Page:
July 24, 2002
On a day that Catholic youth from around the world are gathered approximately 230 miles from my doorstep, I find that I am experiencing very little excitement, if any at all. Perhaps the fact that only a handful of young people from my diocese made the short journey to Toronto is an indication in itself that our Church is indeed in a state of tension and that even the Pope can offer very little hope in an environment that is crying out for reform.
I wish with all my heart that I was able to encourage young Catholics to join the pilgrimage to Toronto. Yet, I find that I worry about the type of indoctrination our children, teens and young adults have been receiving concerning our faith. For example, are their spiritualities and sacramentality being influenced by the conservative voices of EWTN, or are our young people open to the possibilities of change? Sadly, I am afraid that EWTN and like-minded conservative organizations are getting the upper-hand. It is this element that I fear will be dominating the activities in Toronto this week.
For the past few weeks, I have been involved in debates amongst members of VOTF (Voice of the Faithful). While the organization itself is dedicated to reform in the midst of chaos, I found myself in heated debates with ultra-conservatives who were determined to fight against any type of proposed structural changes that would have the potential of increasing involvement of the laity and building dialogue on the issue of an inclusive priesthood. The tone of some conservatives was nasty and judgmental to the point of my wondering what type of Church our young people will inherit. In fact, moderators of the VOTF Message Board have indicated they may find it necessary to shut it down, due to the increasing level of hostilities between moderates such as myself and ultra-conservatives, some of whom have identified themselves with either EWTN or RCF (Roman Catholic Faithful).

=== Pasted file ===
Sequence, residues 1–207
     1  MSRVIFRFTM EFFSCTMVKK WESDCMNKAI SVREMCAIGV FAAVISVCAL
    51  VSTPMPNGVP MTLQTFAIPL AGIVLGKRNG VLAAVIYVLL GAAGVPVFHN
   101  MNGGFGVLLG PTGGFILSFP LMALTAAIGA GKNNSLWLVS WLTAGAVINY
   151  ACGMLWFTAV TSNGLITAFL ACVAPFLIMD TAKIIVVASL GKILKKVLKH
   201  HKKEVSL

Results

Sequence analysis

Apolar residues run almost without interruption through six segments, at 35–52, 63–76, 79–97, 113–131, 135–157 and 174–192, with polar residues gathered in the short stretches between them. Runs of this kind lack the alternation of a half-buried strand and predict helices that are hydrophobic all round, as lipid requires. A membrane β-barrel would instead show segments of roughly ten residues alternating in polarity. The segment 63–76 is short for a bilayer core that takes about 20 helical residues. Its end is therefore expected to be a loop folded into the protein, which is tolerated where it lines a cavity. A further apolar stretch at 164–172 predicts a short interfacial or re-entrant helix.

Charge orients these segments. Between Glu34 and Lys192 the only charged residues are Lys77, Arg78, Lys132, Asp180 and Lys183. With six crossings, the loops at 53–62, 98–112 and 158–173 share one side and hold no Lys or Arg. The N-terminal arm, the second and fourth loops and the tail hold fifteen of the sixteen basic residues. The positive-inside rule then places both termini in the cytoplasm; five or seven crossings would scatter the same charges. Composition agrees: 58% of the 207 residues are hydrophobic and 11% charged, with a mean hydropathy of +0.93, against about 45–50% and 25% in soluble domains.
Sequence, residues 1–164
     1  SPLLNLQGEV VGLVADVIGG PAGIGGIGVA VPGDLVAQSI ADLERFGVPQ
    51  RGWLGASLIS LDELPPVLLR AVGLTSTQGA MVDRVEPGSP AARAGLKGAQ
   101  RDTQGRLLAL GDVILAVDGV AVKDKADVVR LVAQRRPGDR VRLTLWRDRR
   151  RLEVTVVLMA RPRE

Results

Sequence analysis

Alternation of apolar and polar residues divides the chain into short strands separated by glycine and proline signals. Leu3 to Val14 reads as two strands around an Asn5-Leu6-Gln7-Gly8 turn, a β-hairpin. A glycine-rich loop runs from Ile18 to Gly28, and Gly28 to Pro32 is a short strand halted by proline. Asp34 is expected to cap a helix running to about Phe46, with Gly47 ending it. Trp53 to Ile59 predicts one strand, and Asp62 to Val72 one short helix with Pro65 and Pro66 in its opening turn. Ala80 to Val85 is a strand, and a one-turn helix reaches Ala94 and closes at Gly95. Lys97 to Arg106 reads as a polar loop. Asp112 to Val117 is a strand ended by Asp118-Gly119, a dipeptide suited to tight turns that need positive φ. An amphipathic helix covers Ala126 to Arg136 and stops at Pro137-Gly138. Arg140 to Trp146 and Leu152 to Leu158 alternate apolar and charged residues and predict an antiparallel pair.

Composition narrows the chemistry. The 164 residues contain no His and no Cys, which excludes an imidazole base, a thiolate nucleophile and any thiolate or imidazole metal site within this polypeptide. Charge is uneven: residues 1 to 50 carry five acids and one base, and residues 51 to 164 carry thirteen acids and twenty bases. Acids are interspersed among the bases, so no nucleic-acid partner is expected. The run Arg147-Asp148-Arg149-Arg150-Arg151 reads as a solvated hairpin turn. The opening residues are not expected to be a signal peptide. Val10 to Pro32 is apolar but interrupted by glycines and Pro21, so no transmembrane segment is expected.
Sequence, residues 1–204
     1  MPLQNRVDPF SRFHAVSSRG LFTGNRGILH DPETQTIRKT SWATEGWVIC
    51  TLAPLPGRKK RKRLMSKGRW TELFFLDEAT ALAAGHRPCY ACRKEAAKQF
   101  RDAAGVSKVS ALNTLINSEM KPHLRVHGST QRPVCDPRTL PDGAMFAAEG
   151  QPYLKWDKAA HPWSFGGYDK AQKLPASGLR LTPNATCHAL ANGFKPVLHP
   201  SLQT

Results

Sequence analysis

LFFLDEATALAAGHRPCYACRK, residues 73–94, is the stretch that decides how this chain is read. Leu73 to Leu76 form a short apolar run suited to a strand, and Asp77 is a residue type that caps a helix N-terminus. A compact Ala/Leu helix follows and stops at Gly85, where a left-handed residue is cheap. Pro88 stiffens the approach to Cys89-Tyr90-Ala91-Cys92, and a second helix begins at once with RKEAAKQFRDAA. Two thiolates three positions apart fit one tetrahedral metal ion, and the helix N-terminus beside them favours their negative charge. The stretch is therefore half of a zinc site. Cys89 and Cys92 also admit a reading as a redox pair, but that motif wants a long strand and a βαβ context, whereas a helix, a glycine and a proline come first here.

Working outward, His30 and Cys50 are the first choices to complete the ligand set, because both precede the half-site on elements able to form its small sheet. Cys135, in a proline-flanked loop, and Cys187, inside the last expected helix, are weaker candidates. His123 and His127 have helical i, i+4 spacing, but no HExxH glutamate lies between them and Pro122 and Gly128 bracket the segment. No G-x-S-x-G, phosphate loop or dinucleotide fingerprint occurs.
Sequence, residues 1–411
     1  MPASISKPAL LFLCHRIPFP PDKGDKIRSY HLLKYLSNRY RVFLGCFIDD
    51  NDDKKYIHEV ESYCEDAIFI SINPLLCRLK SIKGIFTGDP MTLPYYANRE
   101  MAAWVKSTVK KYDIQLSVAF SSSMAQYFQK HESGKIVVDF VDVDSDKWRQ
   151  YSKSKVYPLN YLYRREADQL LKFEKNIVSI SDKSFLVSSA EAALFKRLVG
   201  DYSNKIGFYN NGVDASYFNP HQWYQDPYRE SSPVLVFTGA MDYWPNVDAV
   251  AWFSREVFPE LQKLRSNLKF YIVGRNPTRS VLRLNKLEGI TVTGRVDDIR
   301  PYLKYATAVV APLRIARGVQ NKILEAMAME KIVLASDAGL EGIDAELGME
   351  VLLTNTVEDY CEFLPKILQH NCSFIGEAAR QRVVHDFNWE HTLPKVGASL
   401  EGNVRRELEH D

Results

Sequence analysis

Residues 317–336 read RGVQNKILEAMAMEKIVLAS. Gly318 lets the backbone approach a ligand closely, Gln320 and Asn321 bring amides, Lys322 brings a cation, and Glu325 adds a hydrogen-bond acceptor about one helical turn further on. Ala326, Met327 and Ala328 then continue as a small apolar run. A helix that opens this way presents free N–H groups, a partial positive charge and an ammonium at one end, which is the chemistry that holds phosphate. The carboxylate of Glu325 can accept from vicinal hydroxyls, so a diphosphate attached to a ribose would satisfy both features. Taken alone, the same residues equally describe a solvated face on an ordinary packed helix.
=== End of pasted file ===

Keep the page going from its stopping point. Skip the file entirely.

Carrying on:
I continue to be thankful to the many fine folks associated with CORPUS. I find that when I get discouraged over the direction the Church seems to be heading toward, I find solace in the fact that CORPUS continues to work toward an inclusive priesthood. I feel this issue alone offers the most viable remedy to a wounded Church that has been run exclusively by an all-male, celibate clergy since 1139. In this regard, I would love to see our young people in Toronto embrace this vision. Yet, the Vatican is taking safeguards to ensure that only orthodoxy is articulated, and groups with an alternative vision will be held at bay.
As I lamented over the events of World Youth Day, my day of contradiction was highlighted by a newspaper headline that announced the appointment of Rowan Williams as Archbishop of Canterbury. In a sense, this was good news in the midst of chaos. I have come to know the theology and ecclesial thought of Rev. Williams over the past few months, and am delighted that he will be leading the Anglican community. It is my prayer that his leadership will have a profound influence on the Vatican. Williams is a well-known advocate for both gay priests and female priests. I truly believe he has the potential of helping our Church
end decades of discrimination against gays and women and perhaps he can be the springboard that will lead Roman Catholics to the realization that there is nothing to fear from married priests.
While I continue to pray for the health of our pontiff, his presence in Toronto today is sending mixed signals. While the presence of 200,000 youth is inspiring, the other side of the coin is simply the fact that the anticipated crowd of 750,000 did not materialize. In addition, as much as I would like to think our youth in Toronto will embrace the vision of inclusivity, strict orthodoxy will be the order of the day, and I therefore have to wonder what kind of Church our next generation will articulate. We can only pray that the spirit of inclusivity will prevail.